The Pattern Day Trader (PDT) Rule Explained

by FX EA Review
The Pattern Day Trader (PDT) Rule Explained

Day trading is a highly regulated activity in the United States and other countries. These regulations became more prominent after the dot com bubble. At the time, most people in the US were active day traders. 

As a result, government agencies like the Securities and Exchange Commission (SEC) and Financial Industry Regulatory Authority (FINRA) came up with several regulations in a bid to protect retail traders. In this article, we will look at a key regulation that came up during that period. It is known as the pattern day trader (PDT) rule. We will identify what it is and how to avoid it.

What is a pattern day trader rule?

A pattern day trader rule affects a good number of traders in the United States. The rule simply states that people who open four trades within five days in a margin account should be classified differently. In this case, they should be classified as pattern day traders. 

There are a few exceptions to this rule. In the definition above, it is essential to note that it refers to a margin account. For starters, a margin account refers to an account that has some leverage. Leverage is a certain amount of money that brokers provide to investors to amplify their profits.

For example, if you have a $10,000 account, a broker can extend you a similar amount of money. With these funds, you can open more trades and make more money when things are going right. On the other hand, if your trades go south, you will find yourself losing more money when your margin call is triggered. 

A margin call differs from a cash account. A cash account is not levered. As such, if you have $10,000 and stock is trading at $50, the maximum that you can buy is 200 shares. Therefore, you don’t qualify as a pattern day trader when you have an ordinary cash account.

Another exception of the PDT rule is the representation of your trades. For you to be considered a PDT, the total size of your trades needs to be about 6% of your total margin account.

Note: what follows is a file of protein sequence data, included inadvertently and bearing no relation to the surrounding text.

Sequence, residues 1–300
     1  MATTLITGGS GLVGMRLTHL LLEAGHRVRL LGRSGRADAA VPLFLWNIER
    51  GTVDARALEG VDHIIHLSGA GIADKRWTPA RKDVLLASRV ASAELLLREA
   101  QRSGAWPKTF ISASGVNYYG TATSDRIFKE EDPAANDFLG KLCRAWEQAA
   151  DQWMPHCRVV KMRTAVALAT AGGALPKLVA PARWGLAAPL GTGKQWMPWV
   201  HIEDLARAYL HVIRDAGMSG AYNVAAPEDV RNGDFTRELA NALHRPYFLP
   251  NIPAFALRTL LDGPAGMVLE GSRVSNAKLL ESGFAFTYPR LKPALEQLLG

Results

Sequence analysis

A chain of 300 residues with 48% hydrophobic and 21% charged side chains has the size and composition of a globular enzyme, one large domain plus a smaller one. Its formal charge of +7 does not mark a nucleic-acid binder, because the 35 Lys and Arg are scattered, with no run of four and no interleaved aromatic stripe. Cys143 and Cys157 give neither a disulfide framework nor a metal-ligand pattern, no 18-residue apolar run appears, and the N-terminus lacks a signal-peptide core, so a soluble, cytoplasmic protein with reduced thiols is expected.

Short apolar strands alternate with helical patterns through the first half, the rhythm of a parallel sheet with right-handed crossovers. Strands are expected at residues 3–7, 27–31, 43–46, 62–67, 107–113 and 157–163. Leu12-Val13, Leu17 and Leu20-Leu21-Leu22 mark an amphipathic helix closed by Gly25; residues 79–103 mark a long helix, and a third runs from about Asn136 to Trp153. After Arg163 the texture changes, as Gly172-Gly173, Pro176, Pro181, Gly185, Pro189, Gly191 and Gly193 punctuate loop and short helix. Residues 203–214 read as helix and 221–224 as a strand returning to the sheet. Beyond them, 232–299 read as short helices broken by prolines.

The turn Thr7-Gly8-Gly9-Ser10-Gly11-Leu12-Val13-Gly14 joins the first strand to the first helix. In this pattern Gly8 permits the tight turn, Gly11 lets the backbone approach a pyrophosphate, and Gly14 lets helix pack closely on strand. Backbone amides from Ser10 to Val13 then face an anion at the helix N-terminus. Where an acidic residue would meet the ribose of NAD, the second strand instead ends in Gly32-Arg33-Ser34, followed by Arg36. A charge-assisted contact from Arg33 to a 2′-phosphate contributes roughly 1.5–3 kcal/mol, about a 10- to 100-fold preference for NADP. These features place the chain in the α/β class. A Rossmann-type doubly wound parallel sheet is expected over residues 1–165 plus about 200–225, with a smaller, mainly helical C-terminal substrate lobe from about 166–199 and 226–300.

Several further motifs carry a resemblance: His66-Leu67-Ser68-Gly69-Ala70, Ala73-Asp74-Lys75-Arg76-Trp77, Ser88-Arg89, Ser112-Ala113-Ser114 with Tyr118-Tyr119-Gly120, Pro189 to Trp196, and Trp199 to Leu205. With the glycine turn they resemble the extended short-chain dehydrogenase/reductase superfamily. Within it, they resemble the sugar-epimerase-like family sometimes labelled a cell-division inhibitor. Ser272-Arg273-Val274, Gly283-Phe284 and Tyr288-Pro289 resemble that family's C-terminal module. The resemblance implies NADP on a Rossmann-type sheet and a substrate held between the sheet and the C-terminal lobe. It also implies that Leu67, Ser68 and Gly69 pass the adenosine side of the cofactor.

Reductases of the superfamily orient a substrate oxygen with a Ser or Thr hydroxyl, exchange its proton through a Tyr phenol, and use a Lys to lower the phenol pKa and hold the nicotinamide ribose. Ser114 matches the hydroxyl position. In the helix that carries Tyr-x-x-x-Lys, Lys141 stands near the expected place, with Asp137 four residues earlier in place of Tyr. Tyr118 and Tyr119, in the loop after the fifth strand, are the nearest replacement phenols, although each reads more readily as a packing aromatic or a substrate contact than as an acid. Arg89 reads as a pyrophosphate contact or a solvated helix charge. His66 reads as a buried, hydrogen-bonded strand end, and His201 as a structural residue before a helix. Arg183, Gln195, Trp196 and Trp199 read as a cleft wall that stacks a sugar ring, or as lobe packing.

Why does the PDT rule exist?

Like many other rules in existence today, the PDT rule is designed to protect ordinary traders. Regulators believe that overtrading is one of the most common reasons why traders blow their accounts. Therefore, after a period of studies, they noted that, on average, the optimum number of trades that a trader can implement is 4.

Many traders hate this rule, and later on, I will look at some of the popular ways of avoiding the PDT rule. Still, in my experience, I have come to believe that four trades per week are adequate for most traders. This is especially the case among many retail traders who have full-time jobs.

Implications of being declared a PDT

We have looked at who qualifies to be a pattern day trader. Still, it is worth noting that brokers have the discretion to classify you as a pattern day trader for their own reasons. For example, if a broker provides you with day trading training, it can classify you as a PDT. Alternatively, if it observes your trading techniques, the broker can classify you as a PDT.

Several implications happen when you fall under PDT rules. For one, if you are classified as a PDT, you will need to maintain an account balance of $25,000. If you don’t have these funds, then the broker is at their discretion to lock your account for 90 days. 

It is worth noting that a week does not need to be from Monday to Friday. For example, if you open two trades on Thursday and Friday and then two more trades on Monday and Tuesday, then the broker has a right to declare you as a pattern day trader.

Another important thing is that the broker will still refer to you as a PDT even when you stop the practice. For example, if you are classified this week and stop trading for a while, you will still be a PDT when you come back.

Ways of avoiding the PDT classification

There are several strategies to avoid the PDT classification. First, you can avoid using margin in trading and use a cash account. Indeed, many experts believe that a cash account is better for most beginners. 

For one, in a worst-case scenario, the maximum amount of money you can lose is all your funds. In a margin account, you can lose more money than what you deposited initially. This happens when your broker does not have a negative balance protection feature. 

Another benefit of a cash account is that you can open as many trades as you wish. This explains why there are many traders today.

Second, you can avoid this classification by creating accounts with several brokers. Fortunately, there are many brokers in the United States today. Some of the most popular ones are Robinhood, TD Ameritrade, Schwab, and SoFi. With these brokers, you can open a maximum of four trades in a given week. 

Third, you can become a prop trader. A prop trader is one who uses the funds of another company to trade. Some of the most popular prop trading firms you can use in the US are Day Trade the World (DTTW), FTMO, and Lux Trading Firm. As a prop trader, you will receive a sizable commission for all your profits. 

Finally, you can avoid being classified as a PDT by just playing according to the rules. This means that you can open just a few trades per week. Besides, when done well, opening just a few trades can be highly profitable.


In this article, we have looked at the concept of Pattern Day Traders (PDT). We have explained why the rule was introduced, how it works, and what happens when you are classified as a PDT. Most importantly, we have looked at ways of avoiding the rule.

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